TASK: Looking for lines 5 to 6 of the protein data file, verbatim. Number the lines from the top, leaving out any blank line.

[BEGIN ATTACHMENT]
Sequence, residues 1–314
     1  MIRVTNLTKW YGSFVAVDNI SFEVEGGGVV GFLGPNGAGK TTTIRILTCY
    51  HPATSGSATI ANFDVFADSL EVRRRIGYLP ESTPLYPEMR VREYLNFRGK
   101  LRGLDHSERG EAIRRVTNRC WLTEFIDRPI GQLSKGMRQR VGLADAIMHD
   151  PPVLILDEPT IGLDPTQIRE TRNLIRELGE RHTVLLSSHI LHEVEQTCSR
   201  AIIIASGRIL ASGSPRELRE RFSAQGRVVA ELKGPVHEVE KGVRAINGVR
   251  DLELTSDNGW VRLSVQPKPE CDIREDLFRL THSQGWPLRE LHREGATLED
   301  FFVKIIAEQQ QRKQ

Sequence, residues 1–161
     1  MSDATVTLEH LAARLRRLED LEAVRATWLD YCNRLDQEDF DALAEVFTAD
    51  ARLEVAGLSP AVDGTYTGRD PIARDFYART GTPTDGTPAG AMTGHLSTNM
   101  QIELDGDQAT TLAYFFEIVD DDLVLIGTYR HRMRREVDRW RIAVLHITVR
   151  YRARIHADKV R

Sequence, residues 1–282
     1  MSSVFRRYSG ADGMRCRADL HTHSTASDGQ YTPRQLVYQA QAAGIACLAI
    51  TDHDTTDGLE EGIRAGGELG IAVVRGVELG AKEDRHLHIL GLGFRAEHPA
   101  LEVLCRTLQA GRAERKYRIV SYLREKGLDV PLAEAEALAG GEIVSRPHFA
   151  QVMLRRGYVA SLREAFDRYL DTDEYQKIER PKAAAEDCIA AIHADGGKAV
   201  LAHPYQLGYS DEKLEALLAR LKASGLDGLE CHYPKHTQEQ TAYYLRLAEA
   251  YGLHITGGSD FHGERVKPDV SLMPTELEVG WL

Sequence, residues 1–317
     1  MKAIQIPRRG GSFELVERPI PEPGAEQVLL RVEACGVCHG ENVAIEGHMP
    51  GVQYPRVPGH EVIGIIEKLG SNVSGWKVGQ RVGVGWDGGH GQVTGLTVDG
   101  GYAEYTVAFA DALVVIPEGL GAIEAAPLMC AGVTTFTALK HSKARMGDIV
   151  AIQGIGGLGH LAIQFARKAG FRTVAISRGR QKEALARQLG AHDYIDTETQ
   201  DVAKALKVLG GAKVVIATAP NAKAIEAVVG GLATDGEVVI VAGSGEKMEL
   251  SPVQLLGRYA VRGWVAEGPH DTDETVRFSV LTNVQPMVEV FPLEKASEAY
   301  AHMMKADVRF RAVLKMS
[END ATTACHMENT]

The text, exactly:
   151  PPVLILDEPT IGLDPTQIRE TRNLIRELGE RHTVLLSSHI LHEVEQTCSR
   201  AIIIASGRIL ASGSPRELRE RFSAQGRVVA ELKGPVHEVE KGVRAINGVR